The question is meaningless, because spacetime is not embedded into any higher dimensional manifold, so there simply is no “beyond”. Asking what is beyond is like asking what is north of the North Pole - it does not make any physical or mathematical sense.

I would say this differently:

12 hours ago, studiot said:

I am fond of saying that Nature is stranger than Science.

Nature is even stranger than we can imagine.

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On 6/27/2018 at 2:45 PM, swansont said:

Why would expect that? If there is an edge, why would you be equally attracted to one that is close to you as to one that is very far away?

No I’m saying the exact opposite, if you’re closer to it, you’ll be attracted more strongly, which could explain dark energy (just like a gravitational field of a BH is much stronger when you’re closer to it). 

On 6/27/2018 at 2:45 PM, swansont said:

Why not? I can look at the infinity of numbers between 1 and 2, and then expand my scope and look at the numbers between 1 and 3

Numbers aren’t real, I’ve said that already in another topic. Numbers are invented by humans. Proportions are real (like the Fibonacci sequence), not numbers. You can’t describe reality using only maths. Maths isn’t science, it’s a tool for science.

On 6/27/2018 at 2:45 PM, swansont said:

Why is it reasonable to think there is something "outside" of the universe?

Again, it’s the exact opposite. I don’t think there’s “something” beyond the Universe (because when I’m talking about this term “something” I’m referring to matter or energy, Standard Model stuff), but even the absence of both matter or energy, “nothing” may still exert a gravitational force instead of being inert. We’ve also had this discussion (why a black hole’s gravity can’t be caused by mass of Standard Model matter), so let’s not discuss that again. My point is that, what resides inside a black hole might be of the same nature as this black edge.

22 hours ago, Markus Hanke said:

The question is meaningless, because spacetime is not embedded into any higher dimensional manifold, so there simply is no “beyond”. Asking what is beyond is like asking what is north of the North Pole - it does not make any physical or mathematical sense.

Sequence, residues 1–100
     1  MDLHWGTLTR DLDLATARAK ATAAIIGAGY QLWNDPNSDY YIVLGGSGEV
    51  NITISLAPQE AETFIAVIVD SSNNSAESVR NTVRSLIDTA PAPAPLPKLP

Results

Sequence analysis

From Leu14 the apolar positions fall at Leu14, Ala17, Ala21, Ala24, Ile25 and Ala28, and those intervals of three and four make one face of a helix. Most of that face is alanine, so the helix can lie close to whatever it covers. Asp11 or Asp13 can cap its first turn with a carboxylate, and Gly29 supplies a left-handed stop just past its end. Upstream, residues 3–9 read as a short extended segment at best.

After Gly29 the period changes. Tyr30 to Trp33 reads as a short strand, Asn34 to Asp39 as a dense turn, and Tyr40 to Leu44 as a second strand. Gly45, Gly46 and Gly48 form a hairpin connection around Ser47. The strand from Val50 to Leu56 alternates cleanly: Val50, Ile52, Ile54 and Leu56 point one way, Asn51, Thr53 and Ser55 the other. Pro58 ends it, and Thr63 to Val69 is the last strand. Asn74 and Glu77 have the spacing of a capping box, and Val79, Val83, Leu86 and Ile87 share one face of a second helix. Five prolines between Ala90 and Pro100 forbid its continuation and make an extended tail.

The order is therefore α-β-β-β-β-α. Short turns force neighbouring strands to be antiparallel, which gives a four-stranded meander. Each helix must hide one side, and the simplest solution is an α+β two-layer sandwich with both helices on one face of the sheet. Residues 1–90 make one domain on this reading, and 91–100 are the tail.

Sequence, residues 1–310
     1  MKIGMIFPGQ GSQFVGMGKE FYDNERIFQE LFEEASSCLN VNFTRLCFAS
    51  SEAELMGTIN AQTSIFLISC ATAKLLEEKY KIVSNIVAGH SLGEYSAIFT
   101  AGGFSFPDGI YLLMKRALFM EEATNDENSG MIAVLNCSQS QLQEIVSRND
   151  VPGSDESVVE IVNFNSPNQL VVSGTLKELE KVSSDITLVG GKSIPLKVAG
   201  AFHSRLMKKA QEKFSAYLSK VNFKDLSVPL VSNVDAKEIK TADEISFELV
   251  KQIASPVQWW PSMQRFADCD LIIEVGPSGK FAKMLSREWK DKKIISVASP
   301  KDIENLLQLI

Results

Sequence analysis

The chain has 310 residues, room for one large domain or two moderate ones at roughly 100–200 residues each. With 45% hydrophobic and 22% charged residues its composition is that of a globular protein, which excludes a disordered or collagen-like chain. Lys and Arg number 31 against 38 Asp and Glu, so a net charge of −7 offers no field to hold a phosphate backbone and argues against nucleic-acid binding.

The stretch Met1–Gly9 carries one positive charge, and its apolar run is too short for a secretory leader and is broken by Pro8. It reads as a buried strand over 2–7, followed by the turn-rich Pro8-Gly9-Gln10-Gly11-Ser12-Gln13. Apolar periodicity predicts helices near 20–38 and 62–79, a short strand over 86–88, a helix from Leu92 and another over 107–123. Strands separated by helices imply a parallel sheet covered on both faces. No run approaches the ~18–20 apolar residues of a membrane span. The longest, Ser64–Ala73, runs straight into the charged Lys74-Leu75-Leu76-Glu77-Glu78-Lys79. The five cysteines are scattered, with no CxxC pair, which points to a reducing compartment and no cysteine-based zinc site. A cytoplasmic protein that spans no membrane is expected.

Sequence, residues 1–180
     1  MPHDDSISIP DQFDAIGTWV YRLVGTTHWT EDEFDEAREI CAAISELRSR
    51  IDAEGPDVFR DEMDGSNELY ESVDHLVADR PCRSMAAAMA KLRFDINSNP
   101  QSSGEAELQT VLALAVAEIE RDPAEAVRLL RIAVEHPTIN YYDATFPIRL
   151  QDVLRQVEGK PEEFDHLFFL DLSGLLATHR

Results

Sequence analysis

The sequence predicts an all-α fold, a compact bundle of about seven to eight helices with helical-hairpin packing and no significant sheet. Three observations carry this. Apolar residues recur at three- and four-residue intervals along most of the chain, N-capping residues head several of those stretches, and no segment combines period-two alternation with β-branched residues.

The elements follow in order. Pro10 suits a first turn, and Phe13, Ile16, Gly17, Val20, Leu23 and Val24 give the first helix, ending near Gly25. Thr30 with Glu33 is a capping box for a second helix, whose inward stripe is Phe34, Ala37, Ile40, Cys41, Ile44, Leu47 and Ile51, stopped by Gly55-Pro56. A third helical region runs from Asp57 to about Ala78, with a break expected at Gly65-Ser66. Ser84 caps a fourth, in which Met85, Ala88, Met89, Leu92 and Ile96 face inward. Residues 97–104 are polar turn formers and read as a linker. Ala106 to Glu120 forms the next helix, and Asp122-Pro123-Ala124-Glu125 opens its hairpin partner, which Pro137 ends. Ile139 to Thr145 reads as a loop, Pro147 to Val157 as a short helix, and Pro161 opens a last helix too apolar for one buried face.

Does it make mathematical sense that there is something rather then nothing? Zero should remain zero (and no mathematical equation will ever change a 0 into a 1), so scientifically speaking, we can’t have a Universe filled with energy in the first place (since you always need a source of energy to create anything). Therefore we’re forced to think beyond mainstream physics, and therefore, even though you’re absolutely right by making that statement, I’m not limiting myself by the notion that it doesn't make physical or mathematical sense.

22 hours ago, Markus Hanke said:

First of all, it is not consistent with the laws of gravity - the Einstein equations have solutions that describe point singularities and ring singularities, but not sheet singularities, being singularities that are spread out like a 2D surface. Your hypothetical boundary would need to be of this kind, since it is by definition a region of geodesic incompleteness

You’re referring to the Einstein equations, but quantum physics is true only for the quantum world, Newtonian physics is true only for our everyday lives on Earth, and Einsteins GR is true on even larger scales. But all three have their limitations, so it’s quite possible that Einstein’s GR has it’s limitations as well on even larger scales, for instance when describing the behaviour of dark energy. So to refer to Einstein equations on one scale/level, in order to rule out my statement about another level, is like referring Newtonian physics when trying to explain something like the strong force. Again, you’re absolutely right, the law is correct, but on different levels there seem to be different laws, and dark energy might be part of such a different level.

This boundary/edge is not a thing, not made of stuff, but it’s a region that might be described with the same behaviour as a black hole. So indeed, there’s nothing (not "something", meaning no matter/energy) beyond the Universe, but that doesn’t mean it’s inert towards matter/energy. In fact, it might be the most attractive force of all. Perhaps it could even describe dark energy without the need of anything new/exotic.

20 hours ago, studiot said:

So I don't see why there has to be an edge if our best Science can come up with examples/theory of 'no-edges'

To explain dark energy without adding a new form of energy. And to explain how a Universe could have come from nothing.

15 hours ago, Mordred said:

I really have no idea how you an believe a that expansion caused by a WH or BH will be uniform. How can you possibly think this is even possible when the strength of the gravitatonal force is stronger as you approach a BH. So how can you possibly claim it will be homogeneous and isotropic as you approach the source mass. Gravity loses strength by a 1/r^2 relation. Take any significant mass,  Plot this at various distances then look at the curve of the gravitational potential as the distance increases. That region will not be homogeneous and isotropic.

I really think we’re not talking about the same thing here. You have way more expertise, so I wouldn’t dare to question these kinds of insights of yours. I just think we’re not talking about the same thing here (probably because I’m not explaining it at your level of understanding). Sorry, I'm trying my best!